The US is expected to unseal charges against another suspect in the 1988 Lockerbie airline bombing which killed 270 people, US media is reporting.
A Libyan intelligence officer identified as Abu Agila Mohammad Masud is in custody in Libya and will be extradited to the US to stand trial, the Wall Street Journal said.
The majority of the victims on the London to New York flight were American citizens.
In 2001, Libyan intelligence officer Abdelbaset al-Megrahi was the only person convicted of the attack on Pan Am flight 103 after it exploded over the Scottish town of Lockerbie.
He was given a life sentence, but Scottish authorities released him on humanitarian grounds in 2009 when he was diagnosed with prostate cancer. He later died in Tripoli.
The new case, to be unveiled in the coming days, is likely to be of special significance to the US Attorney General William Barr – who is leaving his position next week – as it is the second time he has overseen charges in connection with the bombing.
He held the same job when the Justice Department indicted Megrahi and a second Libyan, Lamen Khalifa Fhimah, for building a plastic bomb with a timer before hiding it inside a suitcase and planting it on an Air Malta flight.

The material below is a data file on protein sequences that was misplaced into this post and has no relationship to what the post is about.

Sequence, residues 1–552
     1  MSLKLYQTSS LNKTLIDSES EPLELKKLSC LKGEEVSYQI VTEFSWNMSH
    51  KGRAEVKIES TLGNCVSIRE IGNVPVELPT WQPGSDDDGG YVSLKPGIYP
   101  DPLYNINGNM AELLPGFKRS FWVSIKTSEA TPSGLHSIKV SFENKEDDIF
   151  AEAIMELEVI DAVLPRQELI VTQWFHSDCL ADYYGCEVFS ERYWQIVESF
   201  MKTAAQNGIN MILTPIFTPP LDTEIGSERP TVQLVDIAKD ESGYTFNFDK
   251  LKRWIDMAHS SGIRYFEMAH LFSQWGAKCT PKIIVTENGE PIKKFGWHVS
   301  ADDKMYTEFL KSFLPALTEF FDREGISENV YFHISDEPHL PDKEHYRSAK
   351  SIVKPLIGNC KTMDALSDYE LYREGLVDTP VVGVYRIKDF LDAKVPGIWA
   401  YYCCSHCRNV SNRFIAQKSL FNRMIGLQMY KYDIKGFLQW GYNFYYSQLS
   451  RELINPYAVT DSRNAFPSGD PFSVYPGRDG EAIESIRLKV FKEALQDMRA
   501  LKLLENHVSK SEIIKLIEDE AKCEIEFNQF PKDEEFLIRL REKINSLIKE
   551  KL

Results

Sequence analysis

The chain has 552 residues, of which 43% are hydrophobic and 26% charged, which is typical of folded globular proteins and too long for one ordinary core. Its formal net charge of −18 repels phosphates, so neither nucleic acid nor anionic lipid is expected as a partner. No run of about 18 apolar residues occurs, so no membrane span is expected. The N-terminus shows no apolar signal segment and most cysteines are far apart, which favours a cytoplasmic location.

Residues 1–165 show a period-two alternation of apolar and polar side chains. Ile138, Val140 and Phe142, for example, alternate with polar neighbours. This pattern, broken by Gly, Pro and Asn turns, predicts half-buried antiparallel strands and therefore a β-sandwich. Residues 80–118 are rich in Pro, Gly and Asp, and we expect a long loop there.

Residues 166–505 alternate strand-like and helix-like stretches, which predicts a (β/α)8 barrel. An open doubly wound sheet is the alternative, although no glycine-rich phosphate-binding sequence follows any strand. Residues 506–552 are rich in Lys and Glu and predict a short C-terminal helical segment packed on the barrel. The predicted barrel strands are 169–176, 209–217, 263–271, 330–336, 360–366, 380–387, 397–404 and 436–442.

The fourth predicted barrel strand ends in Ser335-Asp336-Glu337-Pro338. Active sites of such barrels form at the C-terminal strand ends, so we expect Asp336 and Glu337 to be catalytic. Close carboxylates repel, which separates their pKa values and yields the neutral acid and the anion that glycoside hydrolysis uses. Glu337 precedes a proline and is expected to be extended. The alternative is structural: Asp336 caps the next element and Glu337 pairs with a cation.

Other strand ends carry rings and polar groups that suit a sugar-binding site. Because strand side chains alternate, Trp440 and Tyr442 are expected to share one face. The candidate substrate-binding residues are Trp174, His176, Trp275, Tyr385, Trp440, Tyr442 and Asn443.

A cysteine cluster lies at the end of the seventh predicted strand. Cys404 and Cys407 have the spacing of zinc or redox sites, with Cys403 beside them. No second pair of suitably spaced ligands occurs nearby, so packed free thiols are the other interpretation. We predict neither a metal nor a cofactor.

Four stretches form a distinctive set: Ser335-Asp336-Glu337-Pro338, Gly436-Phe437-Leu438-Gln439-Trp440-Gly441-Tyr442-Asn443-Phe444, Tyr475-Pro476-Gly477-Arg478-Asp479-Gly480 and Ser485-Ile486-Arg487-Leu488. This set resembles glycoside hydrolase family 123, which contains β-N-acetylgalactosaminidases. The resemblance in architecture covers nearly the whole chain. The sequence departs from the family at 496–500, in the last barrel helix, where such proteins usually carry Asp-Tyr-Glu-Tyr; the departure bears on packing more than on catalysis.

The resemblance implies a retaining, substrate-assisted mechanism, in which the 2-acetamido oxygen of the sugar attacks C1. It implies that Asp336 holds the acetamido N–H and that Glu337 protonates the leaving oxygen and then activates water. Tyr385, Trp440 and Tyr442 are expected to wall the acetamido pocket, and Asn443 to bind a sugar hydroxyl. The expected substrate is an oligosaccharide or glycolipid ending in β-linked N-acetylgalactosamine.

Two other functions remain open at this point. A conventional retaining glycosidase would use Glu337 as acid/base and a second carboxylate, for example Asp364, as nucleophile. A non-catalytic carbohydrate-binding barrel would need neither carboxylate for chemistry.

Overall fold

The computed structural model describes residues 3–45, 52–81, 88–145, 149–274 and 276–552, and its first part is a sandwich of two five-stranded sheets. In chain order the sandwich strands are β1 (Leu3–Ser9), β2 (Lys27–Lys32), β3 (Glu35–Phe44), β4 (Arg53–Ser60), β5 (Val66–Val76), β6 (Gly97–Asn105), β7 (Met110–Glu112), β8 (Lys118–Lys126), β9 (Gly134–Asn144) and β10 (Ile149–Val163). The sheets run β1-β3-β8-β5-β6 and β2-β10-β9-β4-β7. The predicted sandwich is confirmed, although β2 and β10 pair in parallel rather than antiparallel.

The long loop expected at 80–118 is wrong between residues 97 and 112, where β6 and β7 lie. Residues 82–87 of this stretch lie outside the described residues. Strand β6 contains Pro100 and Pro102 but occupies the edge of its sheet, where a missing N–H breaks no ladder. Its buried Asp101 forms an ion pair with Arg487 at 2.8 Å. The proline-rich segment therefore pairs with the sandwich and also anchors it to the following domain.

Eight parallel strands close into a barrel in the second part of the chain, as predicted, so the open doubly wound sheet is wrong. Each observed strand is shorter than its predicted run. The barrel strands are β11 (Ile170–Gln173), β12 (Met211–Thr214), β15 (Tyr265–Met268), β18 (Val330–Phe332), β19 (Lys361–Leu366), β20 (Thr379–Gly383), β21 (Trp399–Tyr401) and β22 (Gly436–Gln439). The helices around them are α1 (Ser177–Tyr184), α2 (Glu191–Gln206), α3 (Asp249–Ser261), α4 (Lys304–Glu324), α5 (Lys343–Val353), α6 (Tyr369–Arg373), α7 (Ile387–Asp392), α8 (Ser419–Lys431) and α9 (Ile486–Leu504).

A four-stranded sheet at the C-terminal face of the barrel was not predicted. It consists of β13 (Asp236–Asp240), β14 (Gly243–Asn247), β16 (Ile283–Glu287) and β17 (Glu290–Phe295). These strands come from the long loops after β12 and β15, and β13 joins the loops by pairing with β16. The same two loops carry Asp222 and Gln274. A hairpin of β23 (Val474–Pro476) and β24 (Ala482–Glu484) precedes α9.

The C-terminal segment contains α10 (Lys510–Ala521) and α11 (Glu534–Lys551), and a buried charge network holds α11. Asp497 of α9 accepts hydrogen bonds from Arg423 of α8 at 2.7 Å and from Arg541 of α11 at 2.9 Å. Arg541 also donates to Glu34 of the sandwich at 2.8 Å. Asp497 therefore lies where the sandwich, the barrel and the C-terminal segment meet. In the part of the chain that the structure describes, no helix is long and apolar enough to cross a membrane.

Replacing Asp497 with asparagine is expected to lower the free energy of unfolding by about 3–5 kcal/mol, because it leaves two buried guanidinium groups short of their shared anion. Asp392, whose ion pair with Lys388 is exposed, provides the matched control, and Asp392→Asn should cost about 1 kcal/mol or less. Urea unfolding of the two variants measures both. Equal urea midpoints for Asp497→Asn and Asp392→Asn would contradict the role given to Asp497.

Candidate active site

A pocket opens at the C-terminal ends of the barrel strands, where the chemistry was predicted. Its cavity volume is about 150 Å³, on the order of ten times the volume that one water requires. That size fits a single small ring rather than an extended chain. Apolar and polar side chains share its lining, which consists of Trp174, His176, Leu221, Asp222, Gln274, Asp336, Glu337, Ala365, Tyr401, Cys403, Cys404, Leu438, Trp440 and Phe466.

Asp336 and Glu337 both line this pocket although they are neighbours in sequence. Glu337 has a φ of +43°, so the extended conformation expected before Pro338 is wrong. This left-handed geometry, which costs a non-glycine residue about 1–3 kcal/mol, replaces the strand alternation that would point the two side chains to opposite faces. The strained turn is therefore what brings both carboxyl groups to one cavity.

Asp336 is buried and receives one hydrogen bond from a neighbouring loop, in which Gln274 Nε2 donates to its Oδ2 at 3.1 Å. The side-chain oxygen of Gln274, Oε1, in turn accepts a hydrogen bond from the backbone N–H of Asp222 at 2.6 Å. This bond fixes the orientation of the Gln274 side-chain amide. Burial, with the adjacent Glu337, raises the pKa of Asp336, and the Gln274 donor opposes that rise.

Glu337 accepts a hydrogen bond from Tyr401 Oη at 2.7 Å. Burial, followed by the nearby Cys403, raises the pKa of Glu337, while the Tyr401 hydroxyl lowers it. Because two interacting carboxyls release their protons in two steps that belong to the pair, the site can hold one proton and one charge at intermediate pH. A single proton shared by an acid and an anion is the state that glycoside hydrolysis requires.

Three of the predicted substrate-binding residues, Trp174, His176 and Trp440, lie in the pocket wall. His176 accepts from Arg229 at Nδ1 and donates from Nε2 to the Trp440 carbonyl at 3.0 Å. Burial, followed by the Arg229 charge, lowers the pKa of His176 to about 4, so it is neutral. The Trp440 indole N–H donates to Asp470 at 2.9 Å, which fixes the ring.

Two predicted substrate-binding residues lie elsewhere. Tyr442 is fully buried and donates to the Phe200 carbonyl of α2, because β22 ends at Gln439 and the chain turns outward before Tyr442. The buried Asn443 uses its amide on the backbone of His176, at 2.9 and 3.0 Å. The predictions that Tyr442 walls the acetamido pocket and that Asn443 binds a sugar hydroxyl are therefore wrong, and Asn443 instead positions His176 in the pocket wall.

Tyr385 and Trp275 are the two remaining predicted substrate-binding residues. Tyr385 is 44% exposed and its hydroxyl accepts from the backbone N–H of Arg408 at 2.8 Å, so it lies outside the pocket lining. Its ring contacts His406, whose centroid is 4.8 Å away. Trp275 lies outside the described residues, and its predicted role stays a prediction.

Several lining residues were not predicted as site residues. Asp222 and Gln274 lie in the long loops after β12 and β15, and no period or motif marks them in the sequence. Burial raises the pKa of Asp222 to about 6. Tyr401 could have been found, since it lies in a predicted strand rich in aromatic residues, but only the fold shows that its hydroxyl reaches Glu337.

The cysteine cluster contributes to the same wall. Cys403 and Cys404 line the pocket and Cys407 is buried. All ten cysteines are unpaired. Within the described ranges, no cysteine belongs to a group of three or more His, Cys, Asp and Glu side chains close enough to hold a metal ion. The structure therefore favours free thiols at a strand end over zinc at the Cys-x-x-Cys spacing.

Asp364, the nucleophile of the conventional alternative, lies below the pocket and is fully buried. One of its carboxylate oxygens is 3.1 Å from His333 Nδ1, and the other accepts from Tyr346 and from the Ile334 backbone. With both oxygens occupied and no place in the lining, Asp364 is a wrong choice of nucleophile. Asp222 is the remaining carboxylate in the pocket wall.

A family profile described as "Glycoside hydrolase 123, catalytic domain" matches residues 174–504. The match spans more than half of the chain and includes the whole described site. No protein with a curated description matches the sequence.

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The suitcase was then transferred to Pan Am flight 103.
At the time the indictment was unveiled in 1991, Mr Barr said: “We will not rest until all those responsible are brought to justice. We have no higher priority.”
In 1992, the UN Security Council imposed arms sales and air travel sanctions against Libya to force Colonel Muammar Gaddafi, the country’s then leader, into surrendering the two suspects.
Fhimah was acquitted, but Megrahi was jailed for life with a minimum term of 27 years.
The sanctions were later lifted after Libya agreed to a $2.7bn (£1.95bn) compensation deal with the victims’ families.